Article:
To advance the decarbonization of worldwide shipping, the US Department of Energy (DOE) Bioenergy Technologies Office (BETO) has released a Request for Information (RFI) seeking to understand the maritime industry’s current alternative fuels trajectory, the driving forces behind it, and key barriers to achieving the transition to zero-emission fuels.
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Today, international shipping accounts for approximately three percent of global greenhouse gas (GHG) emissions. The industry generally relies on the availability of and access to cheap, energy-intensive fuels to transport heavy freight internationally over long distances.
Unfortunately, emerging zero-emission fuels are less price competitive; more energy intensive; and can pose transportation, storage, and onboard use risks.
According to BETO, the purpose of this RFI is to solicit feedback from industry, academia, research laboratories, and government agencies on maritime industry alternative fuel advancement and strategies for getting to net zero GHG emissions.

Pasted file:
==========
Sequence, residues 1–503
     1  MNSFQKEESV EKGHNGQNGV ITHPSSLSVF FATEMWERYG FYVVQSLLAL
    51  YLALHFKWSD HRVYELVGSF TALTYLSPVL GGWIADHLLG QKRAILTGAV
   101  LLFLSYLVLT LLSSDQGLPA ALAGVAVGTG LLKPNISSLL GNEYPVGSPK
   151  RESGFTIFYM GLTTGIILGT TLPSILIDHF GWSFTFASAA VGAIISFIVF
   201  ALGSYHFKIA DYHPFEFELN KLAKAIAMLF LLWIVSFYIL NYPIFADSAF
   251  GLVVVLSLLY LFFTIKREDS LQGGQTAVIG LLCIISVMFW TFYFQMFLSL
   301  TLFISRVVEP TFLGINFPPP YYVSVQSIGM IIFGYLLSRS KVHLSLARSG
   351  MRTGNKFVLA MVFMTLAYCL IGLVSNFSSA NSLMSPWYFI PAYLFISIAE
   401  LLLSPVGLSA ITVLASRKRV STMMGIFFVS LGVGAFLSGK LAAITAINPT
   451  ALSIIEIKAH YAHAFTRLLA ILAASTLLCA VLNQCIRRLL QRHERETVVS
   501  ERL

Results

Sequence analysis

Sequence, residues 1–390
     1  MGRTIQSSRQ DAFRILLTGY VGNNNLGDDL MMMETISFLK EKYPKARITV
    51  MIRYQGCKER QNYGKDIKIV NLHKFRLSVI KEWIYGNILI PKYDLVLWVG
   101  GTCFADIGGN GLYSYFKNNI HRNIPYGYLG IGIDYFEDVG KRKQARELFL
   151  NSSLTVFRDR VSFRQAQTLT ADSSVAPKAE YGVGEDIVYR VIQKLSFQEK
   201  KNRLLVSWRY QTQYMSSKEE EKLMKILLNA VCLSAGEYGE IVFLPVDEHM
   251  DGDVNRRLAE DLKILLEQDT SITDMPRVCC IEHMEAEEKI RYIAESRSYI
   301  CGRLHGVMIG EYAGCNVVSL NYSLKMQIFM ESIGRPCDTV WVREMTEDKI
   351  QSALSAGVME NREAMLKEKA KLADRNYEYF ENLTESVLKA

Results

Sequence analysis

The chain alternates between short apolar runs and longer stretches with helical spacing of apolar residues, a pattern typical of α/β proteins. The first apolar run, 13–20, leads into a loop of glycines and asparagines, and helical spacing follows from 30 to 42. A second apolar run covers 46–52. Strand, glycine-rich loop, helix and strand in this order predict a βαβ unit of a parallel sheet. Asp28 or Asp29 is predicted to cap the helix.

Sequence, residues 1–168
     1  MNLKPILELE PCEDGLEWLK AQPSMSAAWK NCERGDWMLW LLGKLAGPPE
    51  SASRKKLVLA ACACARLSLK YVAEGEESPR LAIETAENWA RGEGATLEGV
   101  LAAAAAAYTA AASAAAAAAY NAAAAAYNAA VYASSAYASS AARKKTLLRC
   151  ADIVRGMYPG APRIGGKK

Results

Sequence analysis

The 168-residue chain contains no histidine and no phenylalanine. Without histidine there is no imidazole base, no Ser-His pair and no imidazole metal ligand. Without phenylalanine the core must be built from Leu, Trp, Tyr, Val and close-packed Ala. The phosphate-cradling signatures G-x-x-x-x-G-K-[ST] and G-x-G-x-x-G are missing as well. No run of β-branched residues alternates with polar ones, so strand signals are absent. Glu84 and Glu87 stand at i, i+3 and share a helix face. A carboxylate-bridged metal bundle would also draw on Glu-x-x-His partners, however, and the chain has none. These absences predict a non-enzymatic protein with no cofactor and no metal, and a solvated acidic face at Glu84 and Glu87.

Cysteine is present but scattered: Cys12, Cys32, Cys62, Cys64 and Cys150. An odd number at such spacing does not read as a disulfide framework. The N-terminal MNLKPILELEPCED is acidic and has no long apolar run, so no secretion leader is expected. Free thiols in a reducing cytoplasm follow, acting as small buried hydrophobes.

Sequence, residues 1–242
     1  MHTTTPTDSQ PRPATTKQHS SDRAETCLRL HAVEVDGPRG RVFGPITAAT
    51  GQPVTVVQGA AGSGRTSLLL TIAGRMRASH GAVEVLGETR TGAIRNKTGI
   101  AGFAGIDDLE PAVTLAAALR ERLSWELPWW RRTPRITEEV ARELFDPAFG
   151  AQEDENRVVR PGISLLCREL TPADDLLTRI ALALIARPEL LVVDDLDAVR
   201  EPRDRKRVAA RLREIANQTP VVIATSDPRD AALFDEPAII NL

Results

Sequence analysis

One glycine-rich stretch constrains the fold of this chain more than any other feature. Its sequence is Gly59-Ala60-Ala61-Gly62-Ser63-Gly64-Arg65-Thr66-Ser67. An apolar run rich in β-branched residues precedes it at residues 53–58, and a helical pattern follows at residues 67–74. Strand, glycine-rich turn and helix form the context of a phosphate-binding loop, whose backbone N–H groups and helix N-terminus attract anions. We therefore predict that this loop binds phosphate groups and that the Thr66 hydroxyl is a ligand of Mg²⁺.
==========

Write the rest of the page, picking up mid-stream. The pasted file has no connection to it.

This feedback will also supplement the Global Maritime Forum’s recently released 2022 survey, The Shipping Industry’s Fuel Choices on the Path to Net Zero.
The shipping industry, through the Zero-Emission Shipping Mission (ZESM), an international coalition of countries, private industry, and research institutes (of which the United States is a core member), set the goal to demonstrate commercially viable zero-emission ships by 2030.
This effort requires coordination among all aspects of the shipping supply chain, including feedstock supply, ship and engine manufacturers, port management, safety implementation, government regulation, and alternative fuel production.